Hong Kong to Close Primary Schools, Plans to Vaccinate Children

  • Carrie Lam says ‘difficult decision’ is to stop virus’s spread
  • Comes as city battles community transmission of omicron

Hong Kong will suspend in-person classes for kindergartens and primary schools from Friday until after Chinese New Year, as the city reimposes pandemic curbs to stem an outbreak of the contagious omicron variant.

Covid-19 infections among young children prompted the move, Hong Kong Chief Executive Carrie Lam said at a regular press briefing Tuesday. The city will expand its vaccination program to children between the ages of 5 and 12, she added. Secondary schools will continue in-person classes, Lam said.

“It’s a very difficult decision to make,” Lam said, on closing some schools, “because on the one hand, we want to protect children from infection. But then if we suspend classes, we know there will be drawbacks in relation to their mental and physical development.”

The school closures are the latest in a raft of strict new pandemic curbs imposed over the past week as the city rushes to stop a local outbreak of the highly-transmissible omicron variant. Last week, Lam closed gyms, stopping dine-in services at restaurants after 6 p.m. and banned residents from returning from eight countries including the U.S., U.K. and Canada.

Acknowledging the economic impact of the curbs, she said details for a new round of anti-epidemic funding to support businesses affected by the latest round of social distancing rules would be announced Friday. The city’s anti-epidemic fund has about HK$4 billion ($513 million) remaining, she added.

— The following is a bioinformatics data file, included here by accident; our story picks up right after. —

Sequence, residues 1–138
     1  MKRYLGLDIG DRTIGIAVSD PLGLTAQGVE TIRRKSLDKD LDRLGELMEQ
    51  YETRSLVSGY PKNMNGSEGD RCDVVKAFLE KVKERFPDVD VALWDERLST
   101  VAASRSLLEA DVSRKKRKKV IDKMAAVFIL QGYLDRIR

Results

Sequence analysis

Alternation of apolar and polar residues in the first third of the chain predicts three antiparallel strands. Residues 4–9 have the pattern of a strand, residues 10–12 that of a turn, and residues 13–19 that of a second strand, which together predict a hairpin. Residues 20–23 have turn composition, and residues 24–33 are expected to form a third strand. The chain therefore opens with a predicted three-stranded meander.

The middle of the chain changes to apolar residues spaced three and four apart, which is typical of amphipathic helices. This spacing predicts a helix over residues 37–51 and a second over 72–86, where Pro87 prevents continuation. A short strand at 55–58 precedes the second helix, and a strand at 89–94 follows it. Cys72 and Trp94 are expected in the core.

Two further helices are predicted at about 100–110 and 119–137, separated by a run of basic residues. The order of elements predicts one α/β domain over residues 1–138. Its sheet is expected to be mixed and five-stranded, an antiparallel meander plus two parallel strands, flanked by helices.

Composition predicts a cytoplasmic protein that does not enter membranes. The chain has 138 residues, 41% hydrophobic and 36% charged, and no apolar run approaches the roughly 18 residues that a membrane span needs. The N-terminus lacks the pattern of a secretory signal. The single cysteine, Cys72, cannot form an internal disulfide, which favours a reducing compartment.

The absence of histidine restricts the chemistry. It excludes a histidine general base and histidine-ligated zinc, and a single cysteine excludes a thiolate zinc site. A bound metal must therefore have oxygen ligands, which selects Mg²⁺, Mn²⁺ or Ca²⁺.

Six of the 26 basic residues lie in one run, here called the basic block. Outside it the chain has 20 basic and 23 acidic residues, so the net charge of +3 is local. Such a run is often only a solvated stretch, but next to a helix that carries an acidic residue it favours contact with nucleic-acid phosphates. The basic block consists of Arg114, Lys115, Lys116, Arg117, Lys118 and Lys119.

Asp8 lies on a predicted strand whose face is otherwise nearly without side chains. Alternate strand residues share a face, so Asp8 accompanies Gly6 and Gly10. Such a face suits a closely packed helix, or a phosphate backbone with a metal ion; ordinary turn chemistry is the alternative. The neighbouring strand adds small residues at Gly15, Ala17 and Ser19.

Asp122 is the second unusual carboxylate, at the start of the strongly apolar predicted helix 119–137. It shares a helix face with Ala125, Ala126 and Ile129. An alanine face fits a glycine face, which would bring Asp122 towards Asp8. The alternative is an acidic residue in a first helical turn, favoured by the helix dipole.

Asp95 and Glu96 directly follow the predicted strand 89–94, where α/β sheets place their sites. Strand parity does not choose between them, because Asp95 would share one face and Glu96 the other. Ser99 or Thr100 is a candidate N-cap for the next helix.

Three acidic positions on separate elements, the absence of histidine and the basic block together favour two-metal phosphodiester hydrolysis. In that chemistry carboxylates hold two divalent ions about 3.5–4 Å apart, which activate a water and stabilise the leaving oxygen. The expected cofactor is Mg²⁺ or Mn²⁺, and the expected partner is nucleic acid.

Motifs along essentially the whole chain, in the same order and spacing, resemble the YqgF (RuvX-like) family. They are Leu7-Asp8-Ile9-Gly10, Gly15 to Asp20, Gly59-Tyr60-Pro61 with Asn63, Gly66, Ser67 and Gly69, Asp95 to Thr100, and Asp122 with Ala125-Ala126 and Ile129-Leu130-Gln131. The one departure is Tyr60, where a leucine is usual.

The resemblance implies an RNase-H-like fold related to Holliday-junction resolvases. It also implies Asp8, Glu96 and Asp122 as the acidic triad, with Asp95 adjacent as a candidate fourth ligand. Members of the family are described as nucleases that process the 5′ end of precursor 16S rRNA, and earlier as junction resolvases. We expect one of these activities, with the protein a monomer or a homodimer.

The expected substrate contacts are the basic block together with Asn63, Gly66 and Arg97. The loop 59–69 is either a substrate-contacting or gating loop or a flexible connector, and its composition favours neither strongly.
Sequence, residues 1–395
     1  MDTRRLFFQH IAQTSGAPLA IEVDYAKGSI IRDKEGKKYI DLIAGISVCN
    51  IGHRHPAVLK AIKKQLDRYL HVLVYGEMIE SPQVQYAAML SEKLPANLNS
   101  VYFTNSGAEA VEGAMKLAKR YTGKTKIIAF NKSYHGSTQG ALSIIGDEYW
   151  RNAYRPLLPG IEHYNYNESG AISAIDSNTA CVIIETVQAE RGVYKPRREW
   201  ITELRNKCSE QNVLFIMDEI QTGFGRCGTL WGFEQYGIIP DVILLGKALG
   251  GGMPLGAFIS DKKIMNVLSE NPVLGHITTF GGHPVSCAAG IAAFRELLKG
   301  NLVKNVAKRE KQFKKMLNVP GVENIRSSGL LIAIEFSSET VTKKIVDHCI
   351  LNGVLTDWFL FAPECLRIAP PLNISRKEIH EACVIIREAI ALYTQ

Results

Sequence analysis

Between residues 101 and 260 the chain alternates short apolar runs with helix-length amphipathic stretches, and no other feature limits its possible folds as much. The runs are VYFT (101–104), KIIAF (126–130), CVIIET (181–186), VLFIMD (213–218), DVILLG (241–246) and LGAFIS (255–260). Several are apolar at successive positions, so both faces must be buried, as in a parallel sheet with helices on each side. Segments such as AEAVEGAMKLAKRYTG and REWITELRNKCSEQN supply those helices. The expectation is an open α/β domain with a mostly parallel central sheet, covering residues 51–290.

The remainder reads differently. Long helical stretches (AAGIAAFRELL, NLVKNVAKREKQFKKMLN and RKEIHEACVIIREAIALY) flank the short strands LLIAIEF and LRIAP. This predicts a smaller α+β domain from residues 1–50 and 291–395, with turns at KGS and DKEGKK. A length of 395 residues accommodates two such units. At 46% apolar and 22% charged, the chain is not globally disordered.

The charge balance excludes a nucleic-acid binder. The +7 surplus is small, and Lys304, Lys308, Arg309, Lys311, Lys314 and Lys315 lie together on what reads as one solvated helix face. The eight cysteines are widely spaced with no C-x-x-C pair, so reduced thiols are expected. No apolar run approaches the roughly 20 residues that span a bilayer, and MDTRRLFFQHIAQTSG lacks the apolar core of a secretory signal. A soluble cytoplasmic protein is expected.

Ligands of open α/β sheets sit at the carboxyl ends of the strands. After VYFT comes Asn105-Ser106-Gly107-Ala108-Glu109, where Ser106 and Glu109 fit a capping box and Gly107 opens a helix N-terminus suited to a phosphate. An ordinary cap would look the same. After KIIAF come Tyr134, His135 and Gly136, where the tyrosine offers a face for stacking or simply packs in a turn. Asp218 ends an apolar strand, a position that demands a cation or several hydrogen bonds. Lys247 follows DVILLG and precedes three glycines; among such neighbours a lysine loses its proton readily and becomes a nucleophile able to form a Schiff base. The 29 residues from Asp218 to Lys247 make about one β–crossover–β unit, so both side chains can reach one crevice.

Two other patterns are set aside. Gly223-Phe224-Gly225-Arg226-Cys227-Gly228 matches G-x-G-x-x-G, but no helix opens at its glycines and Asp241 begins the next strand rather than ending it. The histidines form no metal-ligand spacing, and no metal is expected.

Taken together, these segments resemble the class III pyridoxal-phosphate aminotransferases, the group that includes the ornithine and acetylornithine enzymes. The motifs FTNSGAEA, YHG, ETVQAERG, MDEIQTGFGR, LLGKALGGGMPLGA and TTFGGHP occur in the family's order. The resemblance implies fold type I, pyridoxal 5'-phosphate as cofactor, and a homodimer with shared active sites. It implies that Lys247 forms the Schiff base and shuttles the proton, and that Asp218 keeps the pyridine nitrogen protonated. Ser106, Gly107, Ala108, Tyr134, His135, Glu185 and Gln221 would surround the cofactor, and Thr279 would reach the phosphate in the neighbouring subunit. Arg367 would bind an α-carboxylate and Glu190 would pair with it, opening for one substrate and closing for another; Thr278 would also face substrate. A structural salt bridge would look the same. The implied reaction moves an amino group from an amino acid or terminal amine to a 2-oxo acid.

Lam defended the city’s strict quarantine system that snatches healthy vaccinated residents from their homes, families and jobs for long stays in spartan government facilities after fleeting contact with a confirmed Covid-19 case. “Imagine if we did not have such a contact tracing and quarantine arrangement,” she said, referring to some quarantined residents who tested positive while in isolation, “And instead we left them in the community. Imagine the transmission would be way greater.”

Lam also said that a scandal-hit birthday party of some 200 guests, including dozens of government officials, was held at a restaurant that was clearly “beyond the capacity” of the number of people it could legally host.

She also criticized Cathay Pacific Airways Ltd., whose air crew brought in the infections that sparked the local omicron outbreak, for non-compliance with the city’s Covid rules. “We will take the legal action once we have the full evidence,” she said.

Authors: Kari Soo Lindberg and Iain Marlow, Bloomberg

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